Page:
“The wetland is located in a watershed upstream of a public supply wellfield,” Harris says. “The water that infiltrates slowly through that wetland ultimately ends up in the Upper Floridan Aquifer and moves downstream toward the wellfield. It provides for a more sustainable water supply.” The wetland was designed to allow infiltration of up to 5 mgd.

While relatively high nitrogen levels in reclaimed water are desirable for irrigation, that is not the case when the water is going back to the aquifer. The wetland solves that problem, too. It naturally denitrifies the water.

“It’s a fantastic biological process,” Harris says. “In the root zone of the plants in the wetland, bacteria eat all that stuff up. Sometimes it can be converted to atmospheric nitrogen through plants. As the water percolates down through those soils, the bacteria eat it up. By the time it gets to even the surficial water table, it’s almost background nitrogen level. That’s the intent.”

Careful selection

The site was chosen after a long, careful search. “We rated hundreds of parcels,” Harris says. “We narrowed it down to the ones that would work, and we approached those property owners. At the 4G Ranch, the owner understood the need, and he wanted to partner with the county. It was his desire to bring back some of the lakes on his property.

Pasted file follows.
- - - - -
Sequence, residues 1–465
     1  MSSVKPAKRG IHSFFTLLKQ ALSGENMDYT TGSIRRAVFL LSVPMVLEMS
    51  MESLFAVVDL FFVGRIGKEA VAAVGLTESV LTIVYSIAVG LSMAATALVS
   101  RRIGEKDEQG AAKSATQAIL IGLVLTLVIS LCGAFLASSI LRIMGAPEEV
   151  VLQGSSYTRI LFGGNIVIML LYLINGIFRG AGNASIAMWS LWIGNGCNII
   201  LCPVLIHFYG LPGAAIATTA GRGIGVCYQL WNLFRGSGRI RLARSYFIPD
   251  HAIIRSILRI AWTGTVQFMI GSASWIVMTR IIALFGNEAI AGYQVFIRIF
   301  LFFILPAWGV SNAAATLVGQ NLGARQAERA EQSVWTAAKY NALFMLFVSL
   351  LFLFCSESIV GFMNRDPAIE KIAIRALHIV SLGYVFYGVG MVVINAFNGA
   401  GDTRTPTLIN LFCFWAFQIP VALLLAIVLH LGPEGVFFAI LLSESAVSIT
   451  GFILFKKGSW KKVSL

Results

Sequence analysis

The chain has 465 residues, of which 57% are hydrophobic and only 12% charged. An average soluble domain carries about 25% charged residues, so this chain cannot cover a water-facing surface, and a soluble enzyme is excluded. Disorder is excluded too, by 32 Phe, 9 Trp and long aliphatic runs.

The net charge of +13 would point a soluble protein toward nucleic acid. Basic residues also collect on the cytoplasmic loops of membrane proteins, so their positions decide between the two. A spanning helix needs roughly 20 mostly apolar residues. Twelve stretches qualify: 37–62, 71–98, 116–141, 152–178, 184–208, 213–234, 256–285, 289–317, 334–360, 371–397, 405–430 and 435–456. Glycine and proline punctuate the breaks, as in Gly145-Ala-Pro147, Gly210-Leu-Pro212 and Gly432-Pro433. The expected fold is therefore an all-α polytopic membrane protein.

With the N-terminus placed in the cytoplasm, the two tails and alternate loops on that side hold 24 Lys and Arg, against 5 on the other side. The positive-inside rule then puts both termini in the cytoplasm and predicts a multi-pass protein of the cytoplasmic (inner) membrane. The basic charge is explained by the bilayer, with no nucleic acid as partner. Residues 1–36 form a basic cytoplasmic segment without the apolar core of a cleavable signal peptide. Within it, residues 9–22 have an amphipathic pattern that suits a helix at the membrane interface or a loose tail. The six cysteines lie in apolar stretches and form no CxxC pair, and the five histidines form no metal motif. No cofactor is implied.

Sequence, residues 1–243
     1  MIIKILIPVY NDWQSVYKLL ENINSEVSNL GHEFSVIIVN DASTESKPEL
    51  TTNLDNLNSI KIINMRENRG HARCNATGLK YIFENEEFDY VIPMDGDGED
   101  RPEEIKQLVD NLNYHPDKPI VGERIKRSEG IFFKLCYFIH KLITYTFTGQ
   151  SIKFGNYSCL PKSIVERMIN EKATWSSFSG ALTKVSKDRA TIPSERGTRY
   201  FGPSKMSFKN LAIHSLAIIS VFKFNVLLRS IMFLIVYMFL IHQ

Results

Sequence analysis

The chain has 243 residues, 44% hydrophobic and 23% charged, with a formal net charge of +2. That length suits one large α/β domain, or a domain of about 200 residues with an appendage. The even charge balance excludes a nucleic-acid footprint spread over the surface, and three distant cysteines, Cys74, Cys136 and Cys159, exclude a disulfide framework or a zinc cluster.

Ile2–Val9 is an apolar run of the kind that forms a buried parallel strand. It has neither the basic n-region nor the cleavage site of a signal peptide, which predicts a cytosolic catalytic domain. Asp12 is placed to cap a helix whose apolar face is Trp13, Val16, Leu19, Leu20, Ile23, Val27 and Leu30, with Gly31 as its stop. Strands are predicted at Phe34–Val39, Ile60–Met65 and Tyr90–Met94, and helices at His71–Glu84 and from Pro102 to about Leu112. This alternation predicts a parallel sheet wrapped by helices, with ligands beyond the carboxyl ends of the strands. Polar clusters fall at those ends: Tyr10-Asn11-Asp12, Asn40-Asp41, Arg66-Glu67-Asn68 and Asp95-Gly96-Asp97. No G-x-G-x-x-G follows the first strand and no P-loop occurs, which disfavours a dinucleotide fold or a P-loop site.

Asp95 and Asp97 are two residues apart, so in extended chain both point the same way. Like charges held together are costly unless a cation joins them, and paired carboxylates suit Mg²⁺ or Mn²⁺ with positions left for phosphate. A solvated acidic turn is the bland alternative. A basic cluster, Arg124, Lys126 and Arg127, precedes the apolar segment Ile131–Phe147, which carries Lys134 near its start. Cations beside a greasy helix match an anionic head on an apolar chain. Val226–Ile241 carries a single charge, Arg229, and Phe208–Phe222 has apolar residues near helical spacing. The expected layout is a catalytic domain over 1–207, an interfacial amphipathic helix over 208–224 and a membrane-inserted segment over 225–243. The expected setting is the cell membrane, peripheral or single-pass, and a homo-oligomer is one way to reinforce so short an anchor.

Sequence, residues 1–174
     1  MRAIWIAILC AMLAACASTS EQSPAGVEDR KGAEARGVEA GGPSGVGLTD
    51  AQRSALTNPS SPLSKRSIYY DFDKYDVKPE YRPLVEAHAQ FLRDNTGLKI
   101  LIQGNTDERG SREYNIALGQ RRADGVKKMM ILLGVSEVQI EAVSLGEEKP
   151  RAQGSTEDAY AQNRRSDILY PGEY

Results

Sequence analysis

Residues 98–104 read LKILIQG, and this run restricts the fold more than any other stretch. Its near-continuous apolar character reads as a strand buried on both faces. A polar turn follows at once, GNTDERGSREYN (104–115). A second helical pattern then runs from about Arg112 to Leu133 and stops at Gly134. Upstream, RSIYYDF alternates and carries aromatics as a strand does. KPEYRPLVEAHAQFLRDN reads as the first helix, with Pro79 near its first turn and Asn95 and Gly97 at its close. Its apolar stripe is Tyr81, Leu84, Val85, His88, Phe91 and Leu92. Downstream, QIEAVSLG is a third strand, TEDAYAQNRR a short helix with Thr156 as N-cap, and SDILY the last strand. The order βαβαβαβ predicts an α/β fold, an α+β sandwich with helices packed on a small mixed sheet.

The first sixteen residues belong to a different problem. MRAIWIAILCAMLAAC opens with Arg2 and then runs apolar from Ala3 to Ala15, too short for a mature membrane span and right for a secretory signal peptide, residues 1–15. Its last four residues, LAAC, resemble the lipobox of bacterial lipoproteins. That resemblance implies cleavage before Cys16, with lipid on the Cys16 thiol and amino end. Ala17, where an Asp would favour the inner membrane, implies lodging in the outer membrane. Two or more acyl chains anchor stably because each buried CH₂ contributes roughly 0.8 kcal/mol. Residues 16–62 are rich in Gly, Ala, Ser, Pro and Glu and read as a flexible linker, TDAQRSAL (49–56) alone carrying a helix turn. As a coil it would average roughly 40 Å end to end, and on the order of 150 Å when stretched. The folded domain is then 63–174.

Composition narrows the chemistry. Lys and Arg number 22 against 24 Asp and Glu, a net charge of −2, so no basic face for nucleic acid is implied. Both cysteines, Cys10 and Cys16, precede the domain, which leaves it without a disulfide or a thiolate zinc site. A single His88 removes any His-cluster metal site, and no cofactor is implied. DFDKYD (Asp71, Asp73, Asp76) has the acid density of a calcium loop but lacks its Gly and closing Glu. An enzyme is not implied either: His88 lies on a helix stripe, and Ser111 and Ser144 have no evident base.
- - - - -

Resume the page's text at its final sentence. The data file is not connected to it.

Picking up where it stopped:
“It was dry before we came out and built the project. It had been dry for decades. There were two dry lake beds. Cattle could get from one side of the ranch to the other without having to walk around the lakes. In times of drought, the ranch owner would have to dig huge burrow pits just to water his cattle.”

It was dry enough that operating earthmoving equipment on the site wasn’t a problem. Soil was scraped up from the pond beds to make berms around each pond. The berms are about 4 feet above grade level and are 10 feet wide and flat on top.

“We built a wetland on an upland, as funny as that sounds,” Harris says. In addition to the wetlands created, the project lifted the surficial aquifer, to the benefit of hundreds of acres of nearby wetlands that had been degraded from wellfield withdrawals. The 4G Ranch still has cattle, but they don’t walk through the ponds. The berms are protected by split-rail PVC fencing with hog fencing between the rails to exclude cattle and feral hogs. “We don’t want animals in there destroying berms,” Harris says.

Model for future

Pasco County officials expect this $14 million project to be a model for future projects because of the public-private partnership and the multiple benefits: wildlife habitat, a more sustainable water supply, ecological restoration and improved management of reclaimed water. In May 2017, the project was named Reuse Project of the Year by the Florida Water Environment Association.

“We built true natural wetlands,” Harris says. “They’re beautiful. We host tours. We bring public agencies out. Soon we’ll be taking school kids out to show them what ecology looks like and how we can leverage technology and engineering to reform nature.”